Lets take a single layer of MoS2. Lets attach it to a surface in such a way that it can be stretched (or compressed) and there you have it: A strain tunable single-layer MoS2 photodetector. A device which uses strain to change the electrical and optical properties of 2D materials. In particular they’ve proven that with this method, they can reversibly change the photoresponsivity, the response time and the spectral bandwidth of single layered MoS2.
At Dr. Castellanos Lab, they are excelling at beautiful and elegant research. “… we demonstrated that applying tensile biaxial strain to the MoS2 device can be an effective strategy to increase both the responsivity and the wavelength bandwidth of the photodetector (at the expense of a slower response time), while compressive strain can be exploited to yield faster photodetectors (although with a lower photoresponse and with a narrower wavelength bandwidth). This adaptable optoelectronic performance of this device can be very useful to adjust the photodetector operation to different lighting conditions, similarly to human eye adaptability (scotopic vision during the night vs. photopic vision during the daylight).”
Condensed matter physics is a big unknown, even for 2nd year physics students, let alone theoretical condensed matter physics. And funny enough, this branch of physics covers a huge percentage of the reality around us. It covers quantum physics, biophysics, fluids, materials, optics and acoustics, or low temperatures, just to name a few of its interests. Yet, few people know about it.
At the Theoretical Condensed Matter Physics department, at Universidad Autónoma de Madrid are actively trying to fill this gap. They’ve made a video to inform and try to bring closer students and young people to this beautiful and amazing area of science. And Scixel happened to be around.
We’ve spend a great time working with them, discussing and creating this piece. Hope you like it and pay them a visit!
We already talked about the project NANOCOSMOS in this website. This is a huge ERC funded project directed by Prof. José Cernicharo which has put together research groups from Spain and France. The researchers working in this project are trying to “unveil the physical and chemical conditions in the dust formation zone of evolved stars.”
A year ago, Natalia Ruiz Zelmanovitch (Public Information Officer of the project), approached me to create a short documentary explaining the aims of this research. Now, a year later, its been made public. Scixel worked both in the animations and the music. Hope you enjoy this piece as much as we enjoyed making it.
Apart from the pleasure that is to work with Natalia, the intrinsic beauty of this research, made this collaboration a big moment of Scixel’s short history.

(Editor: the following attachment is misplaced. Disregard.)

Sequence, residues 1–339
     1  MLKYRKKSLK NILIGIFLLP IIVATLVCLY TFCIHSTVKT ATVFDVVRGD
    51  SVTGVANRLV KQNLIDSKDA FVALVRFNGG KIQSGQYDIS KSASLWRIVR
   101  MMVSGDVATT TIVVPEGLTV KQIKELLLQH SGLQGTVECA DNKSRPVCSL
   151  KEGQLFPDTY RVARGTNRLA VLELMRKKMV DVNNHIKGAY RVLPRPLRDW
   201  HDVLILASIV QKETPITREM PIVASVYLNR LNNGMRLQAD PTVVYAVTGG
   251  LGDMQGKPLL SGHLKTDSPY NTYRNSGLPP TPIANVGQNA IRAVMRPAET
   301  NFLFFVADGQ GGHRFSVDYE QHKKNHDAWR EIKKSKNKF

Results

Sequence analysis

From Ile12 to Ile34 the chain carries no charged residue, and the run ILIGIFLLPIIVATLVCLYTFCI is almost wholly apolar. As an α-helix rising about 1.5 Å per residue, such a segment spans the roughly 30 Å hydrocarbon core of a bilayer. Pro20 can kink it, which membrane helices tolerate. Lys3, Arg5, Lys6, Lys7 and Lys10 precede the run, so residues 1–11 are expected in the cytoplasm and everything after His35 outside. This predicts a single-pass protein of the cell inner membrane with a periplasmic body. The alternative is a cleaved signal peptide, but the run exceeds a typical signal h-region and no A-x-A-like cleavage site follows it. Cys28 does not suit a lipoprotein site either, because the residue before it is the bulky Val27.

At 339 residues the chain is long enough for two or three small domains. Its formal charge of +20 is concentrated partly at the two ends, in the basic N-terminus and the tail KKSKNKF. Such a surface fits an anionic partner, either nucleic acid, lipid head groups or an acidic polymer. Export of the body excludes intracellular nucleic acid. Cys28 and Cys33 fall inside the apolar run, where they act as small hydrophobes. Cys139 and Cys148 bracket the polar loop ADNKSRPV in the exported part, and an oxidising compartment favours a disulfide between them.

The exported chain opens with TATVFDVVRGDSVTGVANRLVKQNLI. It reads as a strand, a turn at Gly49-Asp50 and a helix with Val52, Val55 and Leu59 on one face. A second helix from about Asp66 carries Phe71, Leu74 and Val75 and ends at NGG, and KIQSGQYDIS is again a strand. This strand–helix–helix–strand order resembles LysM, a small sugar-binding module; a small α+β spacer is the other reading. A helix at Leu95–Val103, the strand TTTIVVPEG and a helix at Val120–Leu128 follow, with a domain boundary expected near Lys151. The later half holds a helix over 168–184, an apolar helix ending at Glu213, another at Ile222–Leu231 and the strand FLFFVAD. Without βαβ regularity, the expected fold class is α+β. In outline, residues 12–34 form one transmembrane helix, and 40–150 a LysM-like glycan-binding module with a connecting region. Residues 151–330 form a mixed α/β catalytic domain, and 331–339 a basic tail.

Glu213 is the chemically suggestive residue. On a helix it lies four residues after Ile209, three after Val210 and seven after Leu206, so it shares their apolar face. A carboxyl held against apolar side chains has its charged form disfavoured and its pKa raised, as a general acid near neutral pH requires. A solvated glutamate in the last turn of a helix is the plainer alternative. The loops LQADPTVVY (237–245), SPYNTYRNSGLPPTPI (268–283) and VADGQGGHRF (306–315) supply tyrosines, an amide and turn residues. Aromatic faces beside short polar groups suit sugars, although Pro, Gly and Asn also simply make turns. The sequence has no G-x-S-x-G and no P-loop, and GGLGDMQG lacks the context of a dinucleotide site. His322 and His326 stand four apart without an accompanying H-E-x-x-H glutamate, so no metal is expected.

Our story with Basel University and in particular with Prof. Thomas Jung, goes back a long way. They are not only really nice people. They always come to me with amazingly beautiful pieces of research.
This time, Prof. Jung, together with Aisha Ahsan, have reported a new method that allows to change the physical state of just a few atoms or molecules within a network. Their efforts are focused in the manipulation of tiny molecules. The smaller the better. Why? Because this systems are perfect candidates for data storage. And the smaller the bits (molecules), the less energy it will take to modify them.
We did this picture to illustrate their research and also an animation that appeared in the video abstract of the paper.
About 4 years ago Prof. Jose Ángel Martín Gago approached me to talk me about the NANOCOSMOS project. As they explain in their website, “NANOCOSMOS will take advantage of the new observational capabilities (increased angular resolution) of the Atacama Large Millimeter/submillimeter Array (ALMA) to unveil the physical and chemical conditions in the dust formation zone of evolved stars”. Simply put, they are studying the debris stars create and the role this dust plays in the life/death recycling story of the universe.
This is a huge ERC funded project directed by Prof. José Cernicharo which has put together research groups from Spain and France.
And this is where Natalia Ruiz Zelmanovitch (Public Information Officer of the project) appears. She happens to be the most-committed-with-outreach-and-dissemination-of-science I’ve ever met. And she wants to tell the story of the NANOCOSMOS project. And she wants to tell it right.
She is behind the production of “NANOCOSMOS: un viaje a lo pequeño.” Here you can watch the trailer:
Scixel has been in charge of the 3D visualizations of the space: stars, nebulae, galaxies and planetary systems. We have been working with the Nanocosmos people for a few years now and I can tell you, if I know Natalia enough, this is just the beginning. So, stay tunned!
Eukariotic cells face a hard to picture space problem: to pack a 2 meter long molecule into a 6 microns in diameter sphere. Not only that, the cell must be able to pack and unpack this DNA locally in order to perform its functions.
A protein called Condensin has been long known to be related to the DNA packing process, but until last year, the way this protein worked was still a mystery. Prof. Cees Dekker has directed the research that has unveiled this secret. For us, non biologist it is hard to understand how important this is and its repercussion, but the fact that it has been published in Science gives us a hint. This work is a collaboration between TuDelft (Netherlands) and EMBL (Germany).
Thanks to this research we know now how Condensin traps the DNA and uses its ring to drag the DNA forming a loop. Together with the people of TuDeflt we made this video explaining the motor function of this protein.
We are particularly proud of the music piece… hope its epicity expresses both the importance of the finding and the pride we’ve felt when they let us participate in the project.